42. Uhlén M, Fagerberg L, Hallström BM, Lindskog C, Oksvold P, Mardinoglu A, Sivertsson A, Kampf C, Sjöstedt E, Asplund A, Olsson I, Edlund K, Lundberg E, Navani S, Szigyarto CA, Odeberg J, Djureinovic D, Takanen JO, Hober S, Alm T, Edqvist PH, Berling H, Tegel H, Mulder J, Rockberg J, Nilsson P, Schwenk JM, Hamsten M, von Feilitzen K, Forsberg M, Persson L, Johansson F, Zwahlen M, von Heijne G, Nielsen J, Pontén F. Proteomics. Tissue-based map of the human proteome. Science. 2015;347(6220):1260419. doi:10.1126/science.1260419.PubMedView ArticleGoogle Scholar
  43. Wells A, Kopp N, Xu X, O’Brien DR, Yang W, Nehorai A, Adair-Kirk TL, Kopan R, Dougherty JD. The anatomical distribution of genetic associations. Nucleic Acids Res. 2015;43(22):10804–20. doi:10.1093/nar/gkv1262.PubMedPubMed CentralView ArticleGoogle Scholar
  44. GTEx Consortium. The Genotype-Tissue Expression (GTEx) project. Nat Genet. 2013;45(6):580–5. doi:10.1038/ng.2653.View ArticleGoogle Scholar
  45. Szklarczyk D, Franceschini A, Kuhn M, Simonovic M, Roth A, Minguez P, Doerks T, Stark M, Muller J, Bork P, et al. The STRING database in 2011: Functional interaction networks of proteins, globally integrated and scored. Nucleic Acids Res. 2011;39:D561–8. doi:10.1093/nar/gkq973.PubMedView ArticleGoogle Scholar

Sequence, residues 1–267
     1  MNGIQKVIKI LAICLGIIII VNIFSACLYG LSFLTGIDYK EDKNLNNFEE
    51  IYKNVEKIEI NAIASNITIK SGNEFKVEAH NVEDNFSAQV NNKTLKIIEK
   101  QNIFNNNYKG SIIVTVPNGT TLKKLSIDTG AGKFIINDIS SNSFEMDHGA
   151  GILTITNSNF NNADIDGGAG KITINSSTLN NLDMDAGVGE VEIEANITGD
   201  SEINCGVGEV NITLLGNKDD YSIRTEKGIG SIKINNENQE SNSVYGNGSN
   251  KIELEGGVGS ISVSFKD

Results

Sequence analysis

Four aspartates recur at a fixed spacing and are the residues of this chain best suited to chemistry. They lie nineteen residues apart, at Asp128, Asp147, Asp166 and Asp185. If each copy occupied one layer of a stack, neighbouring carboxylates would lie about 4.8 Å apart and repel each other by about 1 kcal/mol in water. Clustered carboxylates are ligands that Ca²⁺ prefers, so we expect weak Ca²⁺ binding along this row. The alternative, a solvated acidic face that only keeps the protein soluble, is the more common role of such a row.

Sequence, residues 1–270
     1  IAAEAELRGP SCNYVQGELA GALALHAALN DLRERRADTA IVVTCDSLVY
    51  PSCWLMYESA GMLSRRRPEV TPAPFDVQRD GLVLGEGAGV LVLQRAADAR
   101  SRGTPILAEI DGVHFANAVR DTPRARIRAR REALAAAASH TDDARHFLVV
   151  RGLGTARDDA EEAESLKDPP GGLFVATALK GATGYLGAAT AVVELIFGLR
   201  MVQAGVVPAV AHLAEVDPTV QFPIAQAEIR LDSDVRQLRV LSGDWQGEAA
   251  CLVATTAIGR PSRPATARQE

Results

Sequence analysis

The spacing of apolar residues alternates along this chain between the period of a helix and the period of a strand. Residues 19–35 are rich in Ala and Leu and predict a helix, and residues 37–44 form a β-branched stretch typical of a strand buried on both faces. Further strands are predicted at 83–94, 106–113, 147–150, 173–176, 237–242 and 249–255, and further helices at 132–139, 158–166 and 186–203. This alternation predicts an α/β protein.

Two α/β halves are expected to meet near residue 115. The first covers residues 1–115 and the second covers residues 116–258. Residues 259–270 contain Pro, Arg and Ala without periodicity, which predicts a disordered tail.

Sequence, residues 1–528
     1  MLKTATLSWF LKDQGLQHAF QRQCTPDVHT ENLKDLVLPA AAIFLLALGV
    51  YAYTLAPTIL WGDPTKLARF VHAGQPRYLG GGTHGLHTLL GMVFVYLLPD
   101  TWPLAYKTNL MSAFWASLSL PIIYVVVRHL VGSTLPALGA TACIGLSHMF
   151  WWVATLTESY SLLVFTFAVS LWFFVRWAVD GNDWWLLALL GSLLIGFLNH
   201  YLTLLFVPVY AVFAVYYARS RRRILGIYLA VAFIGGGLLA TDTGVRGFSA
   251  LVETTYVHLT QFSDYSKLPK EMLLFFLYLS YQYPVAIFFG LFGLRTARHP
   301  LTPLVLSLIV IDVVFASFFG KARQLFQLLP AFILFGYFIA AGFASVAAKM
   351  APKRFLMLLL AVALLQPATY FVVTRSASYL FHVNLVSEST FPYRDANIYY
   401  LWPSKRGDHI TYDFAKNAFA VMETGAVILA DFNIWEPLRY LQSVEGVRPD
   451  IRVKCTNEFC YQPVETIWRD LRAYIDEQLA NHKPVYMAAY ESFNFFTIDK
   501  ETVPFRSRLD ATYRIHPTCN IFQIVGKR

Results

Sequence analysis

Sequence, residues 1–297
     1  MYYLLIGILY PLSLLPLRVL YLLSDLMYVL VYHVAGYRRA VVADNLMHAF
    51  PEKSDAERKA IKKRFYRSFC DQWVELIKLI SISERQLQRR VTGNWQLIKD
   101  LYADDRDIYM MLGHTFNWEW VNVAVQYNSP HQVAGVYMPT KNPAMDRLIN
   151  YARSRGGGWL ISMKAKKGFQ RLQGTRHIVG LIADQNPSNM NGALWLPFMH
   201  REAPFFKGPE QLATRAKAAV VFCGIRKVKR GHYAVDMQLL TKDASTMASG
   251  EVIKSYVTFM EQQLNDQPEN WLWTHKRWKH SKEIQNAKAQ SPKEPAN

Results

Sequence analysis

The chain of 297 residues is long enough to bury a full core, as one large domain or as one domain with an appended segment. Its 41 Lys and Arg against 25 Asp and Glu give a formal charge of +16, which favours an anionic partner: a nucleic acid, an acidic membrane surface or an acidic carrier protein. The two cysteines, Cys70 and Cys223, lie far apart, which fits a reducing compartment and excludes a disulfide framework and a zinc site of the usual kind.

46. Montojo J, Zuberi K, Rodriguez H, Bader GD, Morris Q. GeneMANIA: Fast gene network construction and function prediction for Cytoscape. F1000Res. 2014;3:153. doi:10.12688/f1000research.4572.1. eCollection 2014.PubMedPubMed CentralGoogle Scholar
  47. Bader GD, Hogue CW. An automated method for finding molecular complexes in large protein interaction networks. BMC Bioinformatics. 2003;4:2.PubMedPubMed CentralView ArticleGoogle Scholar
  48. Smoot ME, Ono K, Ruscheinski J, Wang PL, Ideker T. Cytoscape 2.8: new features for data integration and network visualization. Bioinformatics. 2011;27(3):431–2. doi:10.1093/bioinformatics/btq675.PubMedView ArticleGoogle Scholar